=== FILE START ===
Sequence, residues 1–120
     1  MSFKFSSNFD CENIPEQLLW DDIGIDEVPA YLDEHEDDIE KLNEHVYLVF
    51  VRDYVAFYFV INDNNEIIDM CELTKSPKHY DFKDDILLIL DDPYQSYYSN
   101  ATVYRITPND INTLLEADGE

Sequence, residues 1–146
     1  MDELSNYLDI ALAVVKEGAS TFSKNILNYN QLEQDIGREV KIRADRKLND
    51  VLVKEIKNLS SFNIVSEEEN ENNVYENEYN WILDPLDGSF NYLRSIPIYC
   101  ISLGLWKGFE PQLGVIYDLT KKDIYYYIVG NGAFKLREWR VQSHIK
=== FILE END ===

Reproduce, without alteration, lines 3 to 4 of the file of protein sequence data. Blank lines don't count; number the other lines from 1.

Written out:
    51  VRDYVAFYFV INDNNEIIDM CELTKSPKHY DFKDDILLIL DDPYQSYYSN
   101  ATVYRITPND INTLLEADGE